Release Date: January 28, 2013
The Federal Reserve Board on Monday announced that results from the supervisory stress tests conducted as part of the Dodd-Frank Wall Street Reform and Consumer Protection Act will be released on Thursday, March 7, and the related results from the Comprehensive Capital Analysis and Review, or CCAR, will be released on Thursday, March 14. Results will be released for both exercises at 4:30 p.m. Eastern Time.
The Dodd-Frank Act stress tests are forward-looking exercises conducted by the Federal Reserve and large financial companies supervised by the Federal Reserve to help assess whether institutions have sufficient capital to absorb losses and support operations during adverse economic conditions. The Dodd-Frank Act supervisory stress test results will include data such as capital ratios, revenue, and loss estimates under a severely adverse scenario and assuming a common set of capital actions that is used in the analysis of all of the firms. The standardized capital actions used in the Dodd-Frank Act stress test results provide for comparability across the firms as they assume no changes in recent levels of dividend payments and no common stock repurchases.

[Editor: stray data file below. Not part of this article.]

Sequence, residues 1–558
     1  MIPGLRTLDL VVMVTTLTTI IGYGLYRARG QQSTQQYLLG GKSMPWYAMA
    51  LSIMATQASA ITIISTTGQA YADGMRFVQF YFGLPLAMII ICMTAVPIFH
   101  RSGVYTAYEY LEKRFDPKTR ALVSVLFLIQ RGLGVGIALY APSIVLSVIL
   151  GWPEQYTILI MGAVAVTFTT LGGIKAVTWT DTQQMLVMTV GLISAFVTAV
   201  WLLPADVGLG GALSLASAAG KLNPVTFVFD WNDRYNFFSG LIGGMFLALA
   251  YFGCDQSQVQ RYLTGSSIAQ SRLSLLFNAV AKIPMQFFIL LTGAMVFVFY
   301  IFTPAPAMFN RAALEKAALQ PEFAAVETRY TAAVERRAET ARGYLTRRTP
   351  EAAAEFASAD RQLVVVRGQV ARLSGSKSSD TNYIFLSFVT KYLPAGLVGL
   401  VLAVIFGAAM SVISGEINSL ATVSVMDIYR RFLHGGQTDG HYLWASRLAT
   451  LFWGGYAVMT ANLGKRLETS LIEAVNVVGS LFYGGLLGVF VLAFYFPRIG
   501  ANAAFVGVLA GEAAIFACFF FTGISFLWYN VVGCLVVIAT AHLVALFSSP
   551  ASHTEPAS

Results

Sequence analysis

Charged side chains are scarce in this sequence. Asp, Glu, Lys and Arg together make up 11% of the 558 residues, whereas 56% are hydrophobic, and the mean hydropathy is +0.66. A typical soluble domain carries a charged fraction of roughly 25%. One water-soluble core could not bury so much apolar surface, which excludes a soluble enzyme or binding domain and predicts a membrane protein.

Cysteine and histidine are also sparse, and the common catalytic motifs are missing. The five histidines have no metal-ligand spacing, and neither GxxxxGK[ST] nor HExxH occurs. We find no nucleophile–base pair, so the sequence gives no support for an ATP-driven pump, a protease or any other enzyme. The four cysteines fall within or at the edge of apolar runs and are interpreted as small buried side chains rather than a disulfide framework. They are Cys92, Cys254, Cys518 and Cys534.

CCAR is an annual exercise by the Federal Reserve to help assess whether the largest bank holding companies have sufficient capital to continue operations during the upcoming two-year period assuming economic and financial stress and have robust, forward-looking capital planning processes that account for their unique risks and are supported by the firms' risk-measurement and -management practices. As part of the CCAR, the Federal Reserve evaluates each company's plans to make capital distributions, such as dividend payments, stock repurchases, or planned acquisitions. CCAR results include capital ratios under a severely adverse scenario provided by the Federal Reserve, and reflect the capital actions the companies plan to undertake.
Also on Monday, the Federal Reserve Board released the global market shock component of the adverse and severely adverse scenarios used in the latest Dodd-Frank Act stress tests and the CCAR to evaluate the capital positions of the six bank holding companies with significant trading operations. The Federal Reserve Board previously had issued publicly the macroeconomic scenarios for the current stress test cycle.
To see the global market shock data and some of the templates for the results to be issued in March, and for more general information on the Dodd-Frank Act stress tests and the CCAR, go to www.federalreserve.gov/bankinforeg/stress-tests-capital-planning.htm.
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